The Student News Site of University of Arizona

The Daily Wildcat

82° Tucson, AZ

The Daily Wildcat

The Daily Wildcat

 

    Poets offer message of peace on Israeli-Arab conflict

    Taha Muhammed Ali, a Palestinian poet, will read his poetry in Arabic tonight at the UA Poetry Center. The poetry will be translated into English by Peter Cole, who will read after Ali.
    Taha Muhammed Ali, a Palestinian poet, will read his poetry in Arabic tonight at the UA Poetry Center. The poetry will be translated into English by Peter Cole, who will read after Ali.

    Tonight the UA Poetry Center promises to host an eye-opening experience.

    Palestinian poet Taha Muhammad Ali is the author of four books of poetry in Arabic, most recently “”So What: New and Selected Poems, 1971-2005.”” This book of poetry was translated by Peter Cole, an award-winning translator and published poet.

    The reading is unique in that Ali will read a selected poem in Arabic followed by Cole’s translation of the poem in English.

    “”Cole and Muhammad Ali have very different histories and cultural identities, but they share many of the same concerns – in literature and in life,”” wrote Frances Sjober, literary director at the Poetry Center, in an e-mail.

    Cole edited the anthology, “”The Dream of the Poem,”” which surveyed over 400 poems by 54 poets tracing the arc of the Hebrew Golden Age. Cole co-edits Ibis Editions in Jerusalem, where he currently lives.

    “”The reading will provide an occasion to get acquainted with Arab poetry as it is translated by an Israeli-American poet,”” wrote Annie Guthrie, assistant marketing specialist at the Poetry Center, in an e-mail.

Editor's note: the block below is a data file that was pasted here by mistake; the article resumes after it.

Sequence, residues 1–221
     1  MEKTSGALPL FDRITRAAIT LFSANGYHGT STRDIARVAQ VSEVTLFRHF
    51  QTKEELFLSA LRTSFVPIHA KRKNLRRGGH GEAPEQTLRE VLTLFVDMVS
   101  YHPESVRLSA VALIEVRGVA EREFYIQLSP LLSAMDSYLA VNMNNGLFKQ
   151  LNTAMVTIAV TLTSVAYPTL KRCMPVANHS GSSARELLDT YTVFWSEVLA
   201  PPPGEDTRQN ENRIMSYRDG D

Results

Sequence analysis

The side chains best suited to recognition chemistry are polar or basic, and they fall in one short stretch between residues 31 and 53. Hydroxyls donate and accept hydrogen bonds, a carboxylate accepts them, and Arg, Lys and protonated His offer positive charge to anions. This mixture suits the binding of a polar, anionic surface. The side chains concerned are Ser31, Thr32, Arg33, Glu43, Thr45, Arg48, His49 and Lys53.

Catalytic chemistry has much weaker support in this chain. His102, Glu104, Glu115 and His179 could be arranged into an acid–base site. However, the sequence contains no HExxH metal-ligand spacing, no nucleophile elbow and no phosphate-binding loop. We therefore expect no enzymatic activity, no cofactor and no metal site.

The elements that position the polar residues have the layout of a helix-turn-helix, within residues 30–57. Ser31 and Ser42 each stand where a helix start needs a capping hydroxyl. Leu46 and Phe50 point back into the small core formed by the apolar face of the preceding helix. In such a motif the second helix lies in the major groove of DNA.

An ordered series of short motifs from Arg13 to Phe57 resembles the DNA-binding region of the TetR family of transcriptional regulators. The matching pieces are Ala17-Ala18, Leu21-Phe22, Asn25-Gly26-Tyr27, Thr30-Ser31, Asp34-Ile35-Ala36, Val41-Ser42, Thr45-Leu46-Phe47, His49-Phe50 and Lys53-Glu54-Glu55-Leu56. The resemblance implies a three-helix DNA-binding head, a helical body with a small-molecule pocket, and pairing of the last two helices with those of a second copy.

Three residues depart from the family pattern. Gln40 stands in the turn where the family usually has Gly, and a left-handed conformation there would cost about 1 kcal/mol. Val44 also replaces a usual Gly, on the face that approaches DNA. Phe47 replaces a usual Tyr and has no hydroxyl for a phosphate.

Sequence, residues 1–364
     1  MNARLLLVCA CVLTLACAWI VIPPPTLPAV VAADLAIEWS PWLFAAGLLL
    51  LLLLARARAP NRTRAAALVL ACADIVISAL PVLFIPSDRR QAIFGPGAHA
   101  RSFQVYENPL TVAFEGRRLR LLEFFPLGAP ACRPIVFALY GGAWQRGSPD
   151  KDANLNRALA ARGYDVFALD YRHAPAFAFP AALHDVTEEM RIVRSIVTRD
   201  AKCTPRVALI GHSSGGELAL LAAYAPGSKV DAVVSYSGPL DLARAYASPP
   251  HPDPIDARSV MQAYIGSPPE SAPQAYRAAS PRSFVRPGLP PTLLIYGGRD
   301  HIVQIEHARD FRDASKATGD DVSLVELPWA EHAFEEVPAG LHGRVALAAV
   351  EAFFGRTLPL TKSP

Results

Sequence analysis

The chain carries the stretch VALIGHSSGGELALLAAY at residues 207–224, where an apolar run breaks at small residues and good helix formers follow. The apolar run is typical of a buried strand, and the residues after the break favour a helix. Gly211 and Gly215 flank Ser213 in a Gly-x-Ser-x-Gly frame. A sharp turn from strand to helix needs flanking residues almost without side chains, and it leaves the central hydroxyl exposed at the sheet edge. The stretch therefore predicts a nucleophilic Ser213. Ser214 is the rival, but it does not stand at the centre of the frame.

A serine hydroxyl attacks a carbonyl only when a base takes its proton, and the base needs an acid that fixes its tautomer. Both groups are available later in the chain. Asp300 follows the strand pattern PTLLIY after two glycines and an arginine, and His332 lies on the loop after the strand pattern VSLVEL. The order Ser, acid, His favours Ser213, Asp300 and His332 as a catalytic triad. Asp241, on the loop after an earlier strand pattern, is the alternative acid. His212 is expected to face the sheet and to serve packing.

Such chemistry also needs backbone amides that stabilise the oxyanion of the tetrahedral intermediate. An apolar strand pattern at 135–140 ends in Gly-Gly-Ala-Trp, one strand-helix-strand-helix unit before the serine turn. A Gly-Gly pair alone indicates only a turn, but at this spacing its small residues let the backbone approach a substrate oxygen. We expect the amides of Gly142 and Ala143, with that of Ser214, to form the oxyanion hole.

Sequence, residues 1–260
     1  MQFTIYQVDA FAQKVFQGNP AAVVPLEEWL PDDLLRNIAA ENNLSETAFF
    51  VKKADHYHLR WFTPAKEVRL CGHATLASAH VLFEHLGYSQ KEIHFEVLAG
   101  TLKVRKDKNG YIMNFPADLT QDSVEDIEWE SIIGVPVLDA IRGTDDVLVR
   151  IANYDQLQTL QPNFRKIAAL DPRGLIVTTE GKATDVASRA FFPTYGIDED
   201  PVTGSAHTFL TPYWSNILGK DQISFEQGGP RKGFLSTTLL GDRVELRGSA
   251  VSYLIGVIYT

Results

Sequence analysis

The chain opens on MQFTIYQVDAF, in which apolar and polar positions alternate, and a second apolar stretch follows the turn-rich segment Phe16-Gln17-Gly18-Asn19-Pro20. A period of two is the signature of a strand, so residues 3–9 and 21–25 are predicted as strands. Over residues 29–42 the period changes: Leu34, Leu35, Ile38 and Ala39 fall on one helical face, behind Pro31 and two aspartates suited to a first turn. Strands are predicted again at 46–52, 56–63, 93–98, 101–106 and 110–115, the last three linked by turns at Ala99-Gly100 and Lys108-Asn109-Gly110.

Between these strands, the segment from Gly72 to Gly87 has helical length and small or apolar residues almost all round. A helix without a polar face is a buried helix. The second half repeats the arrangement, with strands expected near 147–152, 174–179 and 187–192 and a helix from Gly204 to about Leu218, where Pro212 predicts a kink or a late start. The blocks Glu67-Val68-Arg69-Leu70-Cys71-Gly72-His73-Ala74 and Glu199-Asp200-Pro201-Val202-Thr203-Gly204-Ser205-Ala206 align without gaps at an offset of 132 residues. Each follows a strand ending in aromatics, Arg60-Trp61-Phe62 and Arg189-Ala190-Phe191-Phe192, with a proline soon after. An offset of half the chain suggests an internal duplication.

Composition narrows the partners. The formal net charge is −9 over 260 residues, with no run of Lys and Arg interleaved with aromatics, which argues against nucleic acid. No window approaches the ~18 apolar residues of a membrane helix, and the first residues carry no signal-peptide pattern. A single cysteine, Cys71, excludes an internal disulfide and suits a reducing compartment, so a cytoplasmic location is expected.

Born in 1931 in the Galilee village of Saffuriyya, Ali draws inspiration for his work from his everyday experiences as a child while living through the Arab-Israeli war of 1948. One of his most vivid memories involves his forced flee to Lebanon with fellow villagers. By slipping across the border a year later, he found that his village had been destroyed. Ali moved to Nazareth, where he currently lives. His lucid and stunning images capture Ali’s imaginative work.

    “”The general public will find Muhammad Ali’s poems accessible, thought-provoking, and life-affirming,”” wrote Guthrie in an e-mail.

    As well, this reading provides the audience with a message of peace and the human experience by bringing together people who are politically opposed to one another.

    “”Poetry can complicate social perspectives and political rhetoric; when that happens, it tends to simplify our understanding of human nature and relationships,”” wrote Sjober in an e-mail.

    The reading takes place tonight at 8 at the UA Poetry Center, 1508 E. Helen St. The event is free and open to the public.

    More to Discover
    Activate Search